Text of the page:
The Week in Type
I had intended to publish my review of Theo‘s The Typographic Desk Reference today. I’ll publish that next week. And, I missed out on April Fool‘s. I had so many ideas, from the new and free Adobe fonts with embedded ad glyphs (the humour’s in the execution!) to the … well, I’ll save that for next year. In the meantime, here’s plenty to keep you busy. Everything from new typefaces, interviews to … well, you’ll see. A little later than usual owing to days and nights spent on a soon-to-be-launched type-related site that I’m pretty excited about, and hoping will inspire.
OK, let’s get started with some seriously gorgeous book covers from Louise Fili Ltd:
Where type meets art. The Dreamweaver from Nina Jua Klein:
New fonts & typefaces
FF Seria Arabic by Pascal Zoghbi:
Good to see that FF Milo and FF Balance have been expanded to support more languages. Nothing more frustrating than finding the right type, only to discover it doesn’t support the languages you’re setting in. For more, see the April FontShop newsletter.
Updates to Typonine’s Tempera Biblio:
A new microsite devoted to FF Dingbats:
Some beautiful spread and covers from IL magazine:
The typeface is Christian Schwartz Publico. Be sure to take a look at the other wonderful spreads and covers on Flickr.
Love these pieces from Stefano Lionetti‘s Portfolio on Behance:
Set with Seb Lester’s wonderful Soho. Great display face.
Some wonderful letterpress minature books:
Architecture meets typography in these clever Ikea ads:
Typographic bling, anyone? From Amsterdam-based tjep:
Like this packaging concept from Hattomonkey studio:
No counters, please. Drop poster from Jonathan Looman, AKA Lowman:
Intro for Web09 from John Ballinger:
Love this kind of experimentation. Shadow type. Pretty complex to actually set this up:
Learn more about the project here. Thanks, Max.
Next, a promotional video for James Puckett’s Black Monday, demonstrating the wonders of OpenType:
A forceful political message through the medium of kinetic type:
Thanks to @marcocardenas.
The making of a letterpress poster:
And from video to audio. Type Radio interviews type designer Kris Sowersby at TypeShed11 in Wellingtonon. Do be sure to check out all the other interviews there. Should keep you entertained and informed for weeks to come.
Cover design by the very talented Helen Crawford.
Tobias Frere-Jones presented this stunning enamel sign to Wim Crouwel, winner of the 2009 Gerrit Noordzij Prize:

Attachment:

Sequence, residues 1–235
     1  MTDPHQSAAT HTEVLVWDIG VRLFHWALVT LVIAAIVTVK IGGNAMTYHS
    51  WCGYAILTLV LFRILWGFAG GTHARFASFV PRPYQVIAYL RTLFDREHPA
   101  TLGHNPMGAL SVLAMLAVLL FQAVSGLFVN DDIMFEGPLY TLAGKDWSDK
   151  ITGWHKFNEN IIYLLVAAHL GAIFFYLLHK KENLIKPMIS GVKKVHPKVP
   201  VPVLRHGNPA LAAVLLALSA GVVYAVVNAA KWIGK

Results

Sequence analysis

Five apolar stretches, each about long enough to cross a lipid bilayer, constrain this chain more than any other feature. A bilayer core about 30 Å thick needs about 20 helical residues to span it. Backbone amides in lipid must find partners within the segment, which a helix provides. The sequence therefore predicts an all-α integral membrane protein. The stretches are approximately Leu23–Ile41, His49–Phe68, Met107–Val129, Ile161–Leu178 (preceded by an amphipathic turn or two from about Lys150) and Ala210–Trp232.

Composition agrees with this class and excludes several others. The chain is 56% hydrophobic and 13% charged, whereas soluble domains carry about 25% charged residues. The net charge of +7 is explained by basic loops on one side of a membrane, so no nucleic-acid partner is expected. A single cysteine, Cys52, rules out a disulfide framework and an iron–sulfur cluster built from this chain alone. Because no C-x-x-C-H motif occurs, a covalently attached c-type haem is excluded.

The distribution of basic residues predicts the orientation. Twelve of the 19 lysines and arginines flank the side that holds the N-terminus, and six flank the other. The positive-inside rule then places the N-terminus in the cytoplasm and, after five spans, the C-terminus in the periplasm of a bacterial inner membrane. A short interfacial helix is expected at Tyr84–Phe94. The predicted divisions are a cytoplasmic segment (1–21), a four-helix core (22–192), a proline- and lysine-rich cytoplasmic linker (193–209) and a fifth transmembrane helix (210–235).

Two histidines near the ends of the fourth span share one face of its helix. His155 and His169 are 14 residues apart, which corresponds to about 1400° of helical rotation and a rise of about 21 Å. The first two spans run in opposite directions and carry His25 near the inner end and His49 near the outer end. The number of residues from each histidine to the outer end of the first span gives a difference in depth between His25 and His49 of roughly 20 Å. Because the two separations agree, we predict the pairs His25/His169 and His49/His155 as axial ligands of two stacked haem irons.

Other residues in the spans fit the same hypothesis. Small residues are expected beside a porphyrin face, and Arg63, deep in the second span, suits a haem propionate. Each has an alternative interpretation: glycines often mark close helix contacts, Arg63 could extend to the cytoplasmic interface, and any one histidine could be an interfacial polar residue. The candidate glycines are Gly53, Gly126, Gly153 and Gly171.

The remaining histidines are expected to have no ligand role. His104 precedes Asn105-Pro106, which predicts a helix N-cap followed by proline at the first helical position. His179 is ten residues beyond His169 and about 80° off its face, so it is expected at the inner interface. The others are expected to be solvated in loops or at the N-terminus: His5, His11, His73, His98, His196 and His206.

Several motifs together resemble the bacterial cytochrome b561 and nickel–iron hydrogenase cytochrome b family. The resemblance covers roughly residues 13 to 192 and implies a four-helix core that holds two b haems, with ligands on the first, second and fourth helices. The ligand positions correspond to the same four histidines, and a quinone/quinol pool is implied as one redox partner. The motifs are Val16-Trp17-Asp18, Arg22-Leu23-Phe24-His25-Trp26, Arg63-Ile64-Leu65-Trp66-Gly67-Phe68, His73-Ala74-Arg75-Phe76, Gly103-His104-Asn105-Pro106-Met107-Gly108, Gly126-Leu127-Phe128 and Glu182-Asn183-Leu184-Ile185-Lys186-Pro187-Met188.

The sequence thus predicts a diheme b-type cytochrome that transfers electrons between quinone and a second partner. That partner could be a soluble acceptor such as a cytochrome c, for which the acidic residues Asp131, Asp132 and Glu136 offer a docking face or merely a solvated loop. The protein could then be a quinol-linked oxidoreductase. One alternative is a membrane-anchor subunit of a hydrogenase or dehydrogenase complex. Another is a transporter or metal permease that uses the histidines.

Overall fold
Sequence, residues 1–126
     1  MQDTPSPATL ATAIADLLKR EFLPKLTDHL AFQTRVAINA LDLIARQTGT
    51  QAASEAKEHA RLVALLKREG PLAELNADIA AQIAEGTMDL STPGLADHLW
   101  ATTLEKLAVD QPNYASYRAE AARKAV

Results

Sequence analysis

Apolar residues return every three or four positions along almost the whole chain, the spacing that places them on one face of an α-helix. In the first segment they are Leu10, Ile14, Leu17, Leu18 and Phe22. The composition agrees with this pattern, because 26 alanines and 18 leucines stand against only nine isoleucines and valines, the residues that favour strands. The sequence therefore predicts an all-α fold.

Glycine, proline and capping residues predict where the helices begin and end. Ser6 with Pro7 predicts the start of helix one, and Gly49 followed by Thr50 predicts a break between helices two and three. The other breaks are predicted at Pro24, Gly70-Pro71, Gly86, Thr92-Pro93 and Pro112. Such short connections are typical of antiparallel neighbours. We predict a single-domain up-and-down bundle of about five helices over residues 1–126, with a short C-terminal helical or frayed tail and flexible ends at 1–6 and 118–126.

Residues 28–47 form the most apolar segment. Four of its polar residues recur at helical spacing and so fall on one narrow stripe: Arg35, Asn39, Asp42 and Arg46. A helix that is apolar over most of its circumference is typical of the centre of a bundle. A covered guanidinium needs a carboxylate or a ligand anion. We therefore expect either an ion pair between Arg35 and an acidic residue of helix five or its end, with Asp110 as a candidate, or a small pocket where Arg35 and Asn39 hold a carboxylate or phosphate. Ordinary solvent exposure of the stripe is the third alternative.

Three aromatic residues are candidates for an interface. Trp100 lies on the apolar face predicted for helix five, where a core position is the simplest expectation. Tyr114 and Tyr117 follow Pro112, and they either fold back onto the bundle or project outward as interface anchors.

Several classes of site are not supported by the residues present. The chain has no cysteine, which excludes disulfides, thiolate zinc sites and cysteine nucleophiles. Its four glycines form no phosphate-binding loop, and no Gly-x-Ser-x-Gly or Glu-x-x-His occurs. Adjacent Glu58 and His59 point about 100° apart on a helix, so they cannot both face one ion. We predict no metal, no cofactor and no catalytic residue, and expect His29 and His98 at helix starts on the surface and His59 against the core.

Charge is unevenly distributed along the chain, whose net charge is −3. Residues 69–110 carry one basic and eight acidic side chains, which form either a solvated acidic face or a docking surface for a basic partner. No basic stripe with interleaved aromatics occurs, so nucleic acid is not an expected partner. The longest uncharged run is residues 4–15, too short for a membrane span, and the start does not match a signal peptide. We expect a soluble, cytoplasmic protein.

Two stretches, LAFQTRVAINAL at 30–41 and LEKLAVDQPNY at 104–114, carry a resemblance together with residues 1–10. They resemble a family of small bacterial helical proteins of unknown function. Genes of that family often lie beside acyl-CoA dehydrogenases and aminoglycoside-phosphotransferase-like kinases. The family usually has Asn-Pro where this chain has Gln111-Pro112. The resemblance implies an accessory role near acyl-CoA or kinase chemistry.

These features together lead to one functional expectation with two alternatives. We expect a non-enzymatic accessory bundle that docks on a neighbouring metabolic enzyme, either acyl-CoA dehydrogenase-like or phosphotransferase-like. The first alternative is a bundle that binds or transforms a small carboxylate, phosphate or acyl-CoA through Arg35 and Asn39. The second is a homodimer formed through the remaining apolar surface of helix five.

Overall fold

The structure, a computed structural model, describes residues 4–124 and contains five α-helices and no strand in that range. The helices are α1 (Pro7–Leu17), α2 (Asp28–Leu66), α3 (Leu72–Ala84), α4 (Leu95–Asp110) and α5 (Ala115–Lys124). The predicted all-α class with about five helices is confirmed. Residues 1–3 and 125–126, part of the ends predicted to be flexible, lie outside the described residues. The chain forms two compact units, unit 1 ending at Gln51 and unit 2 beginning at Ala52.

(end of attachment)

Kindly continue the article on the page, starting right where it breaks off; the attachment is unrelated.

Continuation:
It features numerous styles of Gotham. Jonathan Hoelfler writes that the sign features 64 of the 66 styles of Gotham. I wonder who can name the two styles that are omitted! Thanks to H&FJ for permission to use the above photo.
Johnson Banks was comissioned to turn crop circles into lettering. For Quaker Oats:
Came across this on one of my favourite type blogs, Ministry of Type:
Keyboards for typographers
Arial is everywhere
A natural history of the @ sign
The Palatino story
Metrics Machine 4 (video)
Love, romance, and a little controversy?
The Alphabet: A Dramatic Reading
Downloadable font formats for the Web
The most beautiful alphabet?
Wood type collection for sale (373 fonts +)
White space — how to get it right
Letterpress Things — equipment & resources
Interview with Font Bureau’s Dyana Weissman
On a lighter note
Looking for a theme for your next party. Follow Anne Ditmeyer’s lead, and make it a type-themed birthday party:
And if you’re wondering what to do for entertainment at such a party, then why not steal some sheep with Erik Spiekermann.
Gems from the archives
Bohemia available through Linotype:
A great PDF specimen too.
Since my interview with RBtL, I received several emails about Comenius, a crisp and lovely text face from Hermann Zapf. Someone asked where they can find a good example of Comenius in use. One of the best examples is to be found in Type & Typography: Highlights from Matrix — The Review for Printers & Bibliophiles. Besides looking beautiful set in Comenius, the handsomely bound book is a wonderful read.
Perhaps MyFonts wins the April 1st prize with its Interview with Eric Gill. It is, however, worth reading! Both funny and informative.
And finally …
Apologies if you have mailed me recently, and I haven’t replied. Each week, the number of mails I receive through ILT is growing. Be assured, I read everyone, but it’s now impossible to answer them all. I will be creating an FAQ page; perhaps that will help.
Thanks for reading, and have a great, great week.